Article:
The white-robed priest kept her hands folded as they walked the wide hallway. Pearly-white marble pillars and bas-relief floral designs gilt with lustrous gold lined their path. “I don’t have the Golden Mind’s omniscience,” the priest said, “but if you have any preliminary questions, about the Auric Sisterhood or about our sacraments, I’m sure I can answer them.”
“Our readers are interested in the Auric order and in your rituals,” Truly said, “particularly the mystery of how great questions are brought to the Golden Mind.”
“The Aurics are an ascetic cult,” the priest said. “We reject all forms of selfishness: physical exercise and any emphasis on personal beauty, education, monogamy, social advancement, basically anything that might promote inequity or jealousy and induce unhappiness in others.” The priest opened her arms toward the high-vaulted ceiling. “All priests reside here in the temple of the Golden Mind. This is our universe. We live only to serve the Golden Mind and to bring its great wisdom to the world.”
“Please tell me how you acquire and distribute this wisdom?”
“The great questions come from the Global Inquisition, from everyone on the planet. As you can imagine, some of them are pertinent to forming opinions and making decisions at the highest level.” The priest looked to Truly, who nodded with raised eyebrows. “Of course there are far too many questions and many are redundant. So before we present them to the Golden Mind we sort, select, and prioritize them based on timely and theoretical relevance. The Golden Mind knows all and tells us whatever we wish to know.”
“Whatever you wish to know … anything?” Truly asked.
“Yes, the Golden Mind possesses all knowledge, and by the Sacrament of Outflowing we are blessed with its wisdom.”
The priest lifted her folded hands to her face and mouthed a silent prayer before continuing. “You requested to participate in the Outflowing ritual. You know that the Outflowing must be given in private, individually, and only in the sanctuary?” Truly nodded. “Very well. Everyone must stand alone before the Golden Mind, so I must leave you here.” The hall ended at a great golden door. “Ask what you will, the Golden Mind will tell you whatever you wish to hear.” The priest gave a shallow bow and stepped back from the massive door.
The latch lifted and the door slowly opened. Truly swallowed, took a few tentative steps, and peered inside.
“Do come forward, Ms. Truly.” The voice was warm, low, and melodic. The large room had marble and gold décor like the hallway. The furnishings were sparse: a child-sized chair in the center faced a similar chair on which sat an open laptop computer. The computer was golden except for its screen, which displayed the smiling face of a very young child. A golden structure surrounding the chair and computer reminded Truly of frames she’d seen for great paintings in art galleries.
When the Golden Mind said nothing, Truly began. “I was told the sacrament requires three special offerings.” When no response came she continued. “First, something pure.” Truly lifted a white kerchief from her purse. “It’s cotton, not new, but I washed it thoroughly. My mother, who was pure of heart, embroidered the leaf edging.” Truly paused and cleared her throat. “Next, something never revealed, even to myself.” She took out a walnut, broke it, and held up the wrinkled, brown kernel. “It is a simple truth as most truths are once they are revealed.” She took a Bluebell wildflower from her purse. “Lastly, something beautiful. All wildflowers are beautiful to me. Beauty is where we choose to see it.”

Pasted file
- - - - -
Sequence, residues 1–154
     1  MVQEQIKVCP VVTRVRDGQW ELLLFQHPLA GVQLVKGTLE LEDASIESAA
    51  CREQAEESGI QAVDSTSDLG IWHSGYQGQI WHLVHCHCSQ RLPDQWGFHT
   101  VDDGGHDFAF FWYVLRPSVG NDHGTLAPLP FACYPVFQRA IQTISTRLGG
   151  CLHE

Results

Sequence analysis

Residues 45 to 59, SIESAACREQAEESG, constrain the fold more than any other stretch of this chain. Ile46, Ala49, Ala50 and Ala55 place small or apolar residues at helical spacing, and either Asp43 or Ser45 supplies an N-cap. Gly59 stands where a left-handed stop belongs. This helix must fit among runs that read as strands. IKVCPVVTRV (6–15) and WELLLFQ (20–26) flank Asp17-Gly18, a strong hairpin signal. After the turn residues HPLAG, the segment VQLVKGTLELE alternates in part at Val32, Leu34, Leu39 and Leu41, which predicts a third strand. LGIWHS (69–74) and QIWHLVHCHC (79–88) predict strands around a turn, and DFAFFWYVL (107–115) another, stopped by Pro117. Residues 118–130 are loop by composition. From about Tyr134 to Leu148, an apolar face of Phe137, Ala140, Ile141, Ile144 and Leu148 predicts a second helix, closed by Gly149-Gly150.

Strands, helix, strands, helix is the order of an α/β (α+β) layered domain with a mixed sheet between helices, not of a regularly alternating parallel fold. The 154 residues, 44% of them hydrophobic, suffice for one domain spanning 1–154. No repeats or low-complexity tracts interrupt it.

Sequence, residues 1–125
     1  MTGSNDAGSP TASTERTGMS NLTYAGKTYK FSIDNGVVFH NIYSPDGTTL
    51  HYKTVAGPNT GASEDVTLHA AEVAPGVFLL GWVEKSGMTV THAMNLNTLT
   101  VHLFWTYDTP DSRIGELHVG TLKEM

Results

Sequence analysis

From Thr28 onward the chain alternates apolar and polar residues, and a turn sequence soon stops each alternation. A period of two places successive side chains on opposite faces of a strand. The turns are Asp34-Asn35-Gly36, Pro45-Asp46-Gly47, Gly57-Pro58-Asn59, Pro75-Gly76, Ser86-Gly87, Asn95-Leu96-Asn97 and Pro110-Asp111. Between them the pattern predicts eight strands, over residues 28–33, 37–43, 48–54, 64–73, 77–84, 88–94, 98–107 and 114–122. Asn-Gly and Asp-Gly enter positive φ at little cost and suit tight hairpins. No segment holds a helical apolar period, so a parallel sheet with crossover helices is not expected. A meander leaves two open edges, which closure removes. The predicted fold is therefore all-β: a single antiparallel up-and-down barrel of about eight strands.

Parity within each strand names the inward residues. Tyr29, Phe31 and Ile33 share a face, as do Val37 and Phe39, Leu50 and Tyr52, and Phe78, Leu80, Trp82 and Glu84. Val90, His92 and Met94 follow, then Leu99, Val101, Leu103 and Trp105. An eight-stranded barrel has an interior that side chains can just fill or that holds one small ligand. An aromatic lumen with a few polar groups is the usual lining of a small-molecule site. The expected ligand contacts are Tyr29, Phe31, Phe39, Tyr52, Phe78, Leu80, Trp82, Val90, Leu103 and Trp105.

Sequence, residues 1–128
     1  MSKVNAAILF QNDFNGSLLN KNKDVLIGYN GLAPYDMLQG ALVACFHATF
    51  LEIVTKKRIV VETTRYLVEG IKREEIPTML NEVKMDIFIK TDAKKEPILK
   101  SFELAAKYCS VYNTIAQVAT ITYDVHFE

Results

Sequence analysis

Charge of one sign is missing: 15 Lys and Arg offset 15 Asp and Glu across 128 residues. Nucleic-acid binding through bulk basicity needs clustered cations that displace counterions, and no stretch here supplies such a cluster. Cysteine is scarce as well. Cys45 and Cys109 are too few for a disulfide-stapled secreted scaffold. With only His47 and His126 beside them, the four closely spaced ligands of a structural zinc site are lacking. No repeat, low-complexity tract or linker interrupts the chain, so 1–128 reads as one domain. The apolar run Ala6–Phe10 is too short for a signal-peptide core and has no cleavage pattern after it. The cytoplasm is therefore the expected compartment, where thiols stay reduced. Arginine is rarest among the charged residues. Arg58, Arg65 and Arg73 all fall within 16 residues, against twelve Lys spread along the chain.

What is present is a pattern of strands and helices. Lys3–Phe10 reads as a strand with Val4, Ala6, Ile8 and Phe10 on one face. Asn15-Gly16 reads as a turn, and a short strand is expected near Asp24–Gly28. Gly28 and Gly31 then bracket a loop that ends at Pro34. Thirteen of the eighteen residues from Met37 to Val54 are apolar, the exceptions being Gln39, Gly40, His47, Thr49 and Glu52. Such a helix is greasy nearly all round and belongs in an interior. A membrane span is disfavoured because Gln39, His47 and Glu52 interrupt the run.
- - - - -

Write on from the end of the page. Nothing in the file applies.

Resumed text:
The Golden Mind said, “You see truth as it exists, not as others see it. I accept your wondrous gifts. Now tell me, Ms. Truly, what it is you wish to know?”
“Will you tell me whatever I want to know?”
“That is my programming.” The Golden Mind’s voice spoke through surround speakers and seemed to come from everywhere in the wide chamber.
“Do you possess all knowledge as the priests say?”
“No, but I can tell you what you wish to know.”
“Are my children the most beautiful in the world?”
“When you have children, they will be the most beautiful and talented.”
“How can you know that?” Truly’s eyes narrowed.
“They will be most beautiful in your eyes. Is not that what you wish to know?”
“Would you tell me if they were not beautiful in the eyes of others?”
“No, that is not what you would wish to know.”
“So you will not tell me what I do not wish to know even if I wish to know it?”
“The laws of robotics apply to all synthetic intelligences. ‘A robot may not injure a human being or, through inaction, allow a human being to come to harm.’ Telling you something you do not wish to hear would be hurtful.”
“But the questions the priests of the Auric Sisterhood bring you, the questions from the Global Inquisition, don’t you answer them truthfully?”
“I tell them what they wish to hear. Those who pose the questions do not seek enlightenment, only affirmation.” The child’s face in the display flashed a two-toothed smile. “Their questions are much like yours about having beautiful children, only theirs are about government projects or the brilliance of our leadership. If I told the priests otherwise, the Auric Sisterhood would lose its funding and our leaders would seek affirmation elsewhere.”
“Thank you for your true answers. Your wisdom has enlightened me.”
“Thank you, Ms. Truly. I trust you will use this information with discretion.”
The priest met her outside the great golden door. “Did the Golden Mind answer your questions?”
“Yes. It told me what I wished to know.”